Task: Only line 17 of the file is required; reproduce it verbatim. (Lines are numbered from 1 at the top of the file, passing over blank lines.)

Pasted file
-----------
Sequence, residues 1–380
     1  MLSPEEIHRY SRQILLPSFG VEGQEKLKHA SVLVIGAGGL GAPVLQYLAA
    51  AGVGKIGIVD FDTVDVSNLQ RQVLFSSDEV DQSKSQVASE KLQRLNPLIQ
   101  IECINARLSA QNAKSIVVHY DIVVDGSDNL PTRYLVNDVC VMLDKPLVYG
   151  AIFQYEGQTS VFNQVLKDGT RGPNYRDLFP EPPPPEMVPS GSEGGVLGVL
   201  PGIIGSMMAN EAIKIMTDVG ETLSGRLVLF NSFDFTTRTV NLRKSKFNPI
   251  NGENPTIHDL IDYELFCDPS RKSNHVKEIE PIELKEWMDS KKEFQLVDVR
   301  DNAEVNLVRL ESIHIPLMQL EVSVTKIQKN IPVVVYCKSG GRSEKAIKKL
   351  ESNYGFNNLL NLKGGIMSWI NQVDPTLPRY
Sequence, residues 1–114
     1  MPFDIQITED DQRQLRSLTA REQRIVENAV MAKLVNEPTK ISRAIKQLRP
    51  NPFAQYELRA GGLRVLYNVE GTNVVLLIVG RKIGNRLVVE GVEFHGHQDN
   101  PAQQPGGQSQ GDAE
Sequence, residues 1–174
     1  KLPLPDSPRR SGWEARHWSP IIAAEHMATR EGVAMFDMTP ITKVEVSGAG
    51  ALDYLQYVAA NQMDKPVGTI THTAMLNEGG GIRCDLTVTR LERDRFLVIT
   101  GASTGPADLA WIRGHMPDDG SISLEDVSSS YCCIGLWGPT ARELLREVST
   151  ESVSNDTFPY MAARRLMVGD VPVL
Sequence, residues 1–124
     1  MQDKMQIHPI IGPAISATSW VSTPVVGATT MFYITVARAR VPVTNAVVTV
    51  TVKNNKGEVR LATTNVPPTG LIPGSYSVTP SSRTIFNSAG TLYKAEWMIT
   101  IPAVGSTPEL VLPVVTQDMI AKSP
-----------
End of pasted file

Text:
   101  GASTGPADLA WIRGHMPDDG SISLEDVSSS YCCIGLWGPT ARELLREVST